Youths challenge public office age

Youths challenge public office age

Source: Youths challenge public office age | Daily News

HARARE – A youth umbrella body has launched an audacious bid to collect 500 000 signatures in a bid to petition Parliament to review the age limit required for them to assume public office.

According to the Zimbabwe Electoral Commission (Zec), the minimum age for one to be a councillor or member of the National Assembly is 21, while one must be 40-plus to be president.

This comes as the youth have of late taken keen interest in national politics and governance, with Zec recently saying 60 percent of the five million-plus registered voters for the looming 2018 elections are the youngsters.

The youngsters argue that since they are entrusted with a driver’s licence at 16 — a huge responsibility involving life and death — and allowed to choose a national leader at 18, they can as well be allowed to occupy public office at a those ages.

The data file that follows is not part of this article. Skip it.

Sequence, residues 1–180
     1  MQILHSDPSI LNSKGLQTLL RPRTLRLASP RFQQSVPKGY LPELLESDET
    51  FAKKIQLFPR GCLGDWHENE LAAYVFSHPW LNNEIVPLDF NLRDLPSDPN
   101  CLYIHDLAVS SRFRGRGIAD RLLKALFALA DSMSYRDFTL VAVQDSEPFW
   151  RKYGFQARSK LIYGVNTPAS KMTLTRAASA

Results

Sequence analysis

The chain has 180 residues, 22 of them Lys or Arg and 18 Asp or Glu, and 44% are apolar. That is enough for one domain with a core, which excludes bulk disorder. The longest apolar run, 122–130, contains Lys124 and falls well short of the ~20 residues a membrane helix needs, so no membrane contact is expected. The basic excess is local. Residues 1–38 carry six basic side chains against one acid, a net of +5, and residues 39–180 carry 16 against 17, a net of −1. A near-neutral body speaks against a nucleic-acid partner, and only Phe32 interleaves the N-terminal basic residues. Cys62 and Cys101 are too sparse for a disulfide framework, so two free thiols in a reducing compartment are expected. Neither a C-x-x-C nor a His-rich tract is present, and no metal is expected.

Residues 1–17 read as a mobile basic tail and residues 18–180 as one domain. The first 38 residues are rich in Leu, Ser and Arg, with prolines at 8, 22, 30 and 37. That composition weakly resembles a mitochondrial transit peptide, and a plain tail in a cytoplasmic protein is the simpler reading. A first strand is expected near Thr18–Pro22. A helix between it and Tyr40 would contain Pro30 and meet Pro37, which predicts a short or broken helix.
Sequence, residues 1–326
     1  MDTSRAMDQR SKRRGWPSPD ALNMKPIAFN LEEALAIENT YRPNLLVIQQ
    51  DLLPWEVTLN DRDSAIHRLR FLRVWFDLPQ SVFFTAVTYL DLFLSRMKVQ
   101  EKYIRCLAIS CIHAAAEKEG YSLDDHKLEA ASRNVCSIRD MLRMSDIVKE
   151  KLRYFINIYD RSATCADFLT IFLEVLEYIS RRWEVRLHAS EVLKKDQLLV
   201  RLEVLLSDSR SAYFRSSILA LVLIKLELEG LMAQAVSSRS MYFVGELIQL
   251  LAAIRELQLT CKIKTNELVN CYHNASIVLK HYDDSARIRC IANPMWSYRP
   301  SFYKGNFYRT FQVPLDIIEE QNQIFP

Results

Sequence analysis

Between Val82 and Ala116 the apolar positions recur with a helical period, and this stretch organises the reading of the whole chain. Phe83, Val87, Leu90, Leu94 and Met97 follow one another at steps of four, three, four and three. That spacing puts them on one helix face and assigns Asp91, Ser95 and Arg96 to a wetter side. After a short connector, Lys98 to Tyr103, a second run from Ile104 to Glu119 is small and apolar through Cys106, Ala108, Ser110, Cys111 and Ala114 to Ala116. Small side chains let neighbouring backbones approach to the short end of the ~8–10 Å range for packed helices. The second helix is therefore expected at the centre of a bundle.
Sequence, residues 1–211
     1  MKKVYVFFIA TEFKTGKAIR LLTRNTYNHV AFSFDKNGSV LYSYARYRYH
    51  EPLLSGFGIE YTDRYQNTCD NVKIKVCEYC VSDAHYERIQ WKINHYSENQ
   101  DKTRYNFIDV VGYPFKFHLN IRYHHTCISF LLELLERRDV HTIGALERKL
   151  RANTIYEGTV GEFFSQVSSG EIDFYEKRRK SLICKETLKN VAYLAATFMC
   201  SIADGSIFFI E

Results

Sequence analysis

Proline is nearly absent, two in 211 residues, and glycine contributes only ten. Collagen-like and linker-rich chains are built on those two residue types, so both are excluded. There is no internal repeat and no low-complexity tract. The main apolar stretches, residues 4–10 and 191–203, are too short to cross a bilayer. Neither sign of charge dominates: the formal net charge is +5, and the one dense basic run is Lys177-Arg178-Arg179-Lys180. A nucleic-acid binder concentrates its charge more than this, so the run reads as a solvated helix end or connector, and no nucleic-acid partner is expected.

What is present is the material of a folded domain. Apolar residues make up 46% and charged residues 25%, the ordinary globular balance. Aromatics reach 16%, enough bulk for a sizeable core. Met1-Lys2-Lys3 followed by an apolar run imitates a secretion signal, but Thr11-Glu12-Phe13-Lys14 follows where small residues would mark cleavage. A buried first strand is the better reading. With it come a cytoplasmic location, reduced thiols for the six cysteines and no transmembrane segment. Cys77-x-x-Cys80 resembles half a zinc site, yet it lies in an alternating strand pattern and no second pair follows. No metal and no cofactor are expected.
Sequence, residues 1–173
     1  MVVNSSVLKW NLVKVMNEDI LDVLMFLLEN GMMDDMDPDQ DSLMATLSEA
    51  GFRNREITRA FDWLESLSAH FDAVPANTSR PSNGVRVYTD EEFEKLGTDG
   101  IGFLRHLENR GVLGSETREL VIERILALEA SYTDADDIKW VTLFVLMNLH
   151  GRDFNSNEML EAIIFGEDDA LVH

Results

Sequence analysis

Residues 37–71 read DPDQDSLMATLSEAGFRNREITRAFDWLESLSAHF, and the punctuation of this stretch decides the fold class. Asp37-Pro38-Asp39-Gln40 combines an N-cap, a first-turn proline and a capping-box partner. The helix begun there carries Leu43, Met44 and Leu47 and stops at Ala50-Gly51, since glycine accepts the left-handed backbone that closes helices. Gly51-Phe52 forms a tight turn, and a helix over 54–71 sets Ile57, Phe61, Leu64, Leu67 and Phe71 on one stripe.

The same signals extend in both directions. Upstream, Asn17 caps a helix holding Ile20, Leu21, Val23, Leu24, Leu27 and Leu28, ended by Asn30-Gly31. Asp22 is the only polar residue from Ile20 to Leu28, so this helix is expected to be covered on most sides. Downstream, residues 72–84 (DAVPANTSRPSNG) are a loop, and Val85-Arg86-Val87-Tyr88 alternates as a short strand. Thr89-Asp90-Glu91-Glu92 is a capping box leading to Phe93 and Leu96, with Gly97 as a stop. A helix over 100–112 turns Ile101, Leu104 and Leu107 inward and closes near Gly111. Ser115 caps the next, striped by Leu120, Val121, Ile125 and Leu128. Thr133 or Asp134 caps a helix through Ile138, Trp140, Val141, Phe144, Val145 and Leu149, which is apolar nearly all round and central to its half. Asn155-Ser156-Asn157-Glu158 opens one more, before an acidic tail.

National Association of Youth Organisation (Nayo) cluster coordinator, Macdonald Munyoro, said the role of the youths was being overshadowed, demonstrating that they were merely pawns in a larger battle for control among political elites.

“Having broadly consulted youth across the country, Nayo will be petitioning Parliament on youth eligibility for public office to enable youthful leaders to contest and seek office in different levels of governance, in line with Section 20 of the constitution which through section 20 (9) commits the government to ensure that youth have opportunities to associate and to be represented and participate in political, social, economic other spheres of life and this includes occupying positions within public office. The past decades since our independence have only served to reinforce our exclusion,” Munyoro said.

“The common responses young people receive when they attempt to establish themselves are that they are too young and must wait their turn or that they are inexperienced and therefore cannot contribute to the conversation. That is a narrative we must change.”

 

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